administration systems in Malaysia into five stages and there is a planned
sixth stage. Prior to the 1980s, there was a manual land title registration
supported by manual cadastral systems with hardcopy maps and card indices. Computerisation
was introduced in the 1980s, with the creation of the first digital cadastral
databases, electronic indices and Land Revenue Collection System (SHTB). In
1995, computerised land registration systems (SPTB) were introduced in all
State land registries on Peninsular Malaysia.
The early 2000’s saw the introduction of web-enabled land
administration systems with the integration of different government functions
such as planning, taxation, land development and local government. Examples included
e-Cadastre and Modernised Land Administration System (SPPT). In 2005 a web-based land titles system e-Tanah
(e-Land) linking SHTB and CLRS (Computerised Land Registration System) was
introduced in Penang, followed by Malacca and planned for expansion in Kuala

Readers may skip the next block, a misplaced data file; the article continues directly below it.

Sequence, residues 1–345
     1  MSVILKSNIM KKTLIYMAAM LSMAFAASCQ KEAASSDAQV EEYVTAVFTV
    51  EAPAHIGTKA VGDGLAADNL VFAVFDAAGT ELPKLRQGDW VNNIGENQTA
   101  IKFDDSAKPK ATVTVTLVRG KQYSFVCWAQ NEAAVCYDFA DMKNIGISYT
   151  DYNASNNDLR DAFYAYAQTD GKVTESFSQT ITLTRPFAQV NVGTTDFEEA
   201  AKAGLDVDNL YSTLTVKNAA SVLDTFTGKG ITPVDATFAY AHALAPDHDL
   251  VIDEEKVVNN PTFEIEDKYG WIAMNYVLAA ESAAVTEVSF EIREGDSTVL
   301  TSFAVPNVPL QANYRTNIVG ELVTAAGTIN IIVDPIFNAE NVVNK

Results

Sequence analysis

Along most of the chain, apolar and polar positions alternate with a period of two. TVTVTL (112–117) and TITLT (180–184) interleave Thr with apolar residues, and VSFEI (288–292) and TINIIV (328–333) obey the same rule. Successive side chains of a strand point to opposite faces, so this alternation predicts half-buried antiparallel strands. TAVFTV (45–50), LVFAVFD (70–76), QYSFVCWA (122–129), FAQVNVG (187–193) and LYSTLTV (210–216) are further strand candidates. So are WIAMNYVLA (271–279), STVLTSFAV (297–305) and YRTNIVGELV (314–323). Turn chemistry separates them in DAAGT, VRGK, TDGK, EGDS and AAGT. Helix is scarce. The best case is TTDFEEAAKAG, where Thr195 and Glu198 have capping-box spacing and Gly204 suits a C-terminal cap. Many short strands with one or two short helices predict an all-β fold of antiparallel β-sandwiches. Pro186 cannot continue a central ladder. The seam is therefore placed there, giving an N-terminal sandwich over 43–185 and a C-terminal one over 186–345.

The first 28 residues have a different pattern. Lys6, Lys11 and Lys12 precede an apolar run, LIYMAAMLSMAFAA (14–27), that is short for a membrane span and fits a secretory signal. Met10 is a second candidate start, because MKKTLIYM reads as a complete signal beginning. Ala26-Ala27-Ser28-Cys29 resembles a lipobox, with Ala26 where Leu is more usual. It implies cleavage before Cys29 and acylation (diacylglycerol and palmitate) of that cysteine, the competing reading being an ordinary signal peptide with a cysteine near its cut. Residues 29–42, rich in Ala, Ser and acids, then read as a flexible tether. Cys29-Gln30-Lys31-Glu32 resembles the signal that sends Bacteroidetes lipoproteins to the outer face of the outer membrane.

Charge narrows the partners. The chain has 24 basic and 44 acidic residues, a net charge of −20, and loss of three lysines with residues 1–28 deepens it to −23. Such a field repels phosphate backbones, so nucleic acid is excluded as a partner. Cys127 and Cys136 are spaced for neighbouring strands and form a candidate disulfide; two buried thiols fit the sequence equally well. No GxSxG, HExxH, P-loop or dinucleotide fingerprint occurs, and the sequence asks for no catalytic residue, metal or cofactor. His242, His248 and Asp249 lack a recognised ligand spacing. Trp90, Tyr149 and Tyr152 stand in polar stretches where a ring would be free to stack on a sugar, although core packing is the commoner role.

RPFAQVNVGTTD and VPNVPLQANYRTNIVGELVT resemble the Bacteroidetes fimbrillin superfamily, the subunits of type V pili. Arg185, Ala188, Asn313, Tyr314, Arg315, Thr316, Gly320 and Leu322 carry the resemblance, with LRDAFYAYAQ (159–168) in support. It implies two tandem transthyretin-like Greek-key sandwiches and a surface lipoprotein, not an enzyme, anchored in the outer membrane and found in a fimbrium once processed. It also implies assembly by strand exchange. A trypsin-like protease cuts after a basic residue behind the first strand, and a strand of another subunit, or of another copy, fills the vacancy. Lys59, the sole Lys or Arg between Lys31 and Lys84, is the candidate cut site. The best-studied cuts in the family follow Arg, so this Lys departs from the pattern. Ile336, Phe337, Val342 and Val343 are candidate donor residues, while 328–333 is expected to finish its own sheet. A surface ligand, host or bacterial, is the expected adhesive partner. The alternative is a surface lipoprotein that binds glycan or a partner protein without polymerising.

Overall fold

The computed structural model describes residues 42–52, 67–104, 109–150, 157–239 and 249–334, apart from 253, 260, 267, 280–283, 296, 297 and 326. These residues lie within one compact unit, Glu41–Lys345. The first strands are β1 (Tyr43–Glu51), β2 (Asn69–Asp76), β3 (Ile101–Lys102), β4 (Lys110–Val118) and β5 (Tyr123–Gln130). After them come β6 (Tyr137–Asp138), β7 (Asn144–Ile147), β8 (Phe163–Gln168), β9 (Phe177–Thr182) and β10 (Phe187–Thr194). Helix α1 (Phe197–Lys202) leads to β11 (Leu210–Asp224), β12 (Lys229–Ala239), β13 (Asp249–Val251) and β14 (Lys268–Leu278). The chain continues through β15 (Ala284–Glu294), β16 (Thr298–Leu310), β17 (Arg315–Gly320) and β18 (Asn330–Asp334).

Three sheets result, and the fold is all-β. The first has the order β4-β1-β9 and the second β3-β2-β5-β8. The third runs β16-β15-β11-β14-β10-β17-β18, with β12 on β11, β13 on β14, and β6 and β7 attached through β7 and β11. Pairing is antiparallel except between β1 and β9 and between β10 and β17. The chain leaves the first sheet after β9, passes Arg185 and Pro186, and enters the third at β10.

Lumpur (KL). The next planned stage is the development and implementation of
iLand from 2020, as a vision of integrated, spatially enabled land information
available on the internet.
CLRS is operating in all State land registries on Peninsular
Malaysia. But the system has a number of problems and JKPTG has been promoting
the development and implementation of a new digital system called e-Tanah
(e-Land) to addresses these issues.
e-Tanah has been developed with a public portal that
includes: 1) Customer Service (services and procedures, enquire online,
complain, check status and seek help); 2) e-Carian (e-Search) focussed on
Private Title Search; and 3) e-Pembayaran (e-Payment) for the payment of quit
rent online, uploading of payments to State e-Commerce facilities, processing
of credit card payments and checking the status of quit rent payments/arrears.
There will be an internal portal in e-Tanah for the use of
officials in undertaking their work. This portal includes: 1) Single Point of
Contact for one-stop service centres and core modules; 2) Land Disposal Module;
3) Land Development Module; 4) Land Acquisition Module; 5) Title Registration
Module; 6) Strata Title Module; 7) e-Consent Module; 8) Auction Module; 9)
Revenue Module; and 10) Enforcement Module.
The key concept
behind further development of e-Tanah is to integrate land registry data with
other core systems. These systems include e-Kadaster; MyGDI, and e-Stamping,
and future enhancements are planned including e-Dealings and e-Lodgements. The